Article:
A pair of marble busts are due to go under the hammer – but this doesn’t mean they are to be demolished! Instead, they will be included in Chilcotts Auctioneers’ September 23 sale.

The busts graced the entrance to the Honiton Pottery since they were installed in the 1930s by the business’s second owner, Charles Collard. Although the pottery was opened in 1881 by James Webber, it was Collard who built it up into a world-renowned business, with its innovative and instantly recognisable designs becoming highly sought after.

Although there were originally four busts, just three remained when Paul Redvers took over in the 1960s. Of the two to be sold at Chilcotts, one is estimated at between £1,500 to £2,000 and the other, in less pristine condition is valued at £200 to £300.

The superior bust has the inscription ‘Baily 1830’ on the back and may well have been sculpted by Edward Hodges Baily. A member of the Royal Academy of Arts, Baily created many portraits, statues and busts from 1821 onwards, including the statue of Nelson in Trafalgar Square.

Auctioneer, Duncan Chilcott said: “It’s been fascinating to muse on the reason the marble busts were installed in the first place, as they don’t really represent the idea of a pottery.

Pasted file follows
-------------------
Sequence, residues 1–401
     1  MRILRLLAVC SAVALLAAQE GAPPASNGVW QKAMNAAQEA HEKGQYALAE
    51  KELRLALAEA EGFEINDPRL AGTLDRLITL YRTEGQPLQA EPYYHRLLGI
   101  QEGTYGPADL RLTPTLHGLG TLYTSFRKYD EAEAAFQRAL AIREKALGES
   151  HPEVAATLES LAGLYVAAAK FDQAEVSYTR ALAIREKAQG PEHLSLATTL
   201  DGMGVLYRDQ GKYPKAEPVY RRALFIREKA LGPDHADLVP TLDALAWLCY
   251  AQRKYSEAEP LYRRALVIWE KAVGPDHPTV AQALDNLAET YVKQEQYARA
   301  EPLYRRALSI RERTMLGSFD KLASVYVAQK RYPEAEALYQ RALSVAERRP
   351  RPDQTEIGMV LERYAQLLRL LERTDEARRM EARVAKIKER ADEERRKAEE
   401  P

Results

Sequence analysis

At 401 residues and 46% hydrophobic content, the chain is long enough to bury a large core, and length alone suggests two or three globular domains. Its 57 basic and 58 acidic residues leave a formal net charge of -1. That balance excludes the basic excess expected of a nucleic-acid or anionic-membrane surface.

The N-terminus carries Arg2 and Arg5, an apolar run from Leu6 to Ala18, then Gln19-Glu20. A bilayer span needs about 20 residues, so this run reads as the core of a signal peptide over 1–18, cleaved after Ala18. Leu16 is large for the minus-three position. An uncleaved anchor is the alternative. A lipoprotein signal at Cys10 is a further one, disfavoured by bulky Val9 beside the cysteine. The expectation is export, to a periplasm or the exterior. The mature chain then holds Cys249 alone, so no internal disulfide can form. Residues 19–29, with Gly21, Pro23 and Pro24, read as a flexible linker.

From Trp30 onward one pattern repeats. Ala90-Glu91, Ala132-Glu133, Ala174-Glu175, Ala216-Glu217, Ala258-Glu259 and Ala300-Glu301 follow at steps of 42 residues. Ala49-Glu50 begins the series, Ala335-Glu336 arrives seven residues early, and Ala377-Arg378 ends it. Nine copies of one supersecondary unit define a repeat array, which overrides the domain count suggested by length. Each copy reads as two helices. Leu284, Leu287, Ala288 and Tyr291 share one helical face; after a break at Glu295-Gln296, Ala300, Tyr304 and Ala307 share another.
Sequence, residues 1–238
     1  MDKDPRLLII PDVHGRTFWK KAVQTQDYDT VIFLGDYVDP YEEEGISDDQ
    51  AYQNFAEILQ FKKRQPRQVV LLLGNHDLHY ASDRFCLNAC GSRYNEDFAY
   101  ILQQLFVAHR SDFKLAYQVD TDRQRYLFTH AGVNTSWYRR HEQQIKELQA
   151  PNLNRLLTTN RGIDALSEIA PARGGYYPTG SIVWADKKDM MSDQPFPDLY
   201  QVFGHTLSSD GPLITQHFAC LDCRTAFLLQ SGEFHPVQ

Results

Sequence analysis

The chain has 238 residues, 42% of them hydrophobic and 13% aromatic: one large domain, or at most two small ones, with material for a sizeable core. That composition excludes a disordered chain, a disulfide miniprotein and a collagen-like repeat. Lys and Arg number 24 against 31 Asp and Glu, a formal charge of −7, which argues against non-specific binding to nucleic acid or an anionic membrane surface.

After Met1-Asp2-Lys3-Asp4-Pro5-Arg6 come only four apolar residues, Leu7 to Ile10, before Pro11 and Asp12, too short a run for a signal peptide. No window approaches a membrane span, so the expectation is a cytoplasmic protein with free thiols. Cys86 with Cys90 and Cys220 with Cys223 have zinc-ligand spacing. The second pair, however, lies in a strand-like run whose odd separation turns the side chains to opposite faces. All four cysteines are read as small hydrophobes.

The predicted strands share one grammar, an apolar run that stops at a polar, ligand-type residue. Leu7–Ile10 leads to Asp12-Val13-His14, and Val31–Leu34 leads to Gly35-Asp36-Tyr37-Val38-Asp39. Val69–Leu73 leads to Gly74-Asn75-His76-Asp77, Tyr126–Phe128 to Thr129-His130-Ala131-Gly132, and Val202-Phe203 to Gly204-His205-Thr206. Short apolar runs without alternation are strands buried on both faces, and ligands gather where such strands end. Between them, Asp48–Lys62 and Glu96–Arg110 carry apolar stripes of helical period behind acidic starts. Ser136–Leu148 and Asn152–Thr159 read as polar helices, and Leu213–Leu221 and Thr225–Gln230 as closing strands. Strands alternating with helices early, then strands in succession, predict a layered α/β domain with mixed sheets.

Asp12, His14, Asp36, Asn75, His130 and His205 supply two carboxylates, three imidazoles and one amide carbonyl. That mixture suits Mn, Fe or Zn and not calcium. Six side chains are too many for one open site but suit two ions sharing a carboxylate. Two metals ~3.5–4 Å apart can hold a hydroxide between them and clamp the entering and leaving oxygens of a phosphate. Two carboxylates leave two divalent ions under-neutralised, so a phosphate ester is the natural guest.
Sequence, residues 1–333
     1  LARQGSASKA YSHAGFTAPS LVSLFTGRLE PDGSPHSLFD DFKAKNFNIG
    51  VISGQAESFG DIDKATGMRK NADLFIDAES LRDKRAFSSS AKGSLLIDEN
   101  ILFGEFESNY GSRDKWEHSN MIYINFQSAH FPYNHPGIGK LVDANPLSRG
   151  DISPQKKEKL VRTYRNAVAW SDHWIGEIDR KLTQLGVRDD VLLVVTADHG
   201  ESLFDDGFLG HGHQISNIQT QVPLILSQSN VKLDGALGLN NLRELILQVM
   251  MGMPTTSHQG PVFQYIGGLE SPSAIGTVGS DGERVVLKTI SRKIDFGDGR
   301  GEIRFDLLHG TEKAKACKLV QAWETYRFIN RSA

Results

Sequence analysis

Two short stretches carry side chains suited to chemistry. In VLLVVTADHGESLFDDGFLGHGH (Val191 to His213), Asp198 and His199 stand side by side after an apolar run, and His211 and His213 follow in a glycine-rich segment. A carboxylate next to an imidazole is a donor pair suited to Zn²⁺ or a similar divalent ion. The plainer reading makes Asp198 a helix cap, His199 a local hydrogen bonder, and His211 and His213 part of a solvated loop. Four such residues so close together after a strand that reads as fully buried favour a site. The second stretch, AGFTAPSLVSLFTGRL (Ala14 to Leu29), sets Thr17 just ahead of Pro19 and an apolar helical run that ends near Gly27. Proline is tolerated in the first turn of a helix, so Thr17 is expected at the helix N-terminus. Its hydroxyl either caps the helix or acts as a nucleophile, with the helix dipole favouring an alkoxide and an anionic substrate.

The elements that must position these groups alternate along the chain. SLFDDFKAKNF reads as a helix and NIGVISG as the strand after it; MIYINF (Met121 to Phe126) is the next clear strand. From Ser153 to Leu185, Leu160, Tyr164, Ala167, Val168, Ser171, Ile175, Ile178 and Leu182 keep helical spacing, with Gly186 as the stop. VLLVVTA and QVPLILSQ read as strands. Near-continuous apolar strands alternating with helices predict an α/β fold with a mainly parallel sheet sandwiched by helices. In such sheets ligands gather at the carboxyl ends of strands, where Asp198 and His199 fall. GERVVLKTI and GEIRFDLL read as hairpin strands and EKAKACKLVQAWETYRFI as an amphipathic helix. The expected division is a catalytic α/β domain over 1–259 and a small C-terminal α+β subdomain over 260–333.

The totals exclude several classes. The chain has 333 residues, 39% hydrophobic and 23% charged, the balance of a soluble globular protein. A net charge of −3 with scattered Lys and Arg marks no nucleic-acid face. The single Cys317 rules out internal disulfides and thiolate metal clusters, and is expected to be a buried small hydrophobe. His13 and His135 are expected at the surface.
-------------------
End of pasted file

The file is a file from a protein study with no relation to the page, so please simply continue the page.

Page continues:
“There’s a theory suggesting that these imposing heads were put there purely to impress VIP visitors, such as the Egyptian Ambassador who moved from London to Luppitt during the Second World War.”

It’s known that the Ambassador purchased tableware from the pottery for his own use. When he married a local woman, Patricia Priest, he invited King Zog of Albania and Queen Geraldine and is believed to have presented them with a personalised Honiton Pottery tea set.

In the book ‘Collard the Honiton & Dorset Potter’ by Carol & Chris Cashmore is a press cutting about the reopening of the pottery after the war: ‘A gateway flanked by two busts is the entrance to a small oasis for the austerity-tired, for in the sun-brightened showrooms of the Honiton Potteries, Devon, are shelves of delightful, coloured and dainty articles ranging from ash trays to large decorative vases and wall plates.’

“Perhaps someone has a gateway that they’d also like to make more impressive for VIP visitors! But, wherever the busts end up, we hope they stay in public view,” added Duncan.

Also included in the sale are some pieces of Honiton pottery, including large and early pieces, such as chargers, by Charles Collard.

The Ceramics, Pictures & Works of Art; Good Antiques & 20th Century Design sale opens for viewing at the Dolphin Saleroom in Honiton High Street from September 16 and the auction begins at 10am on September 23.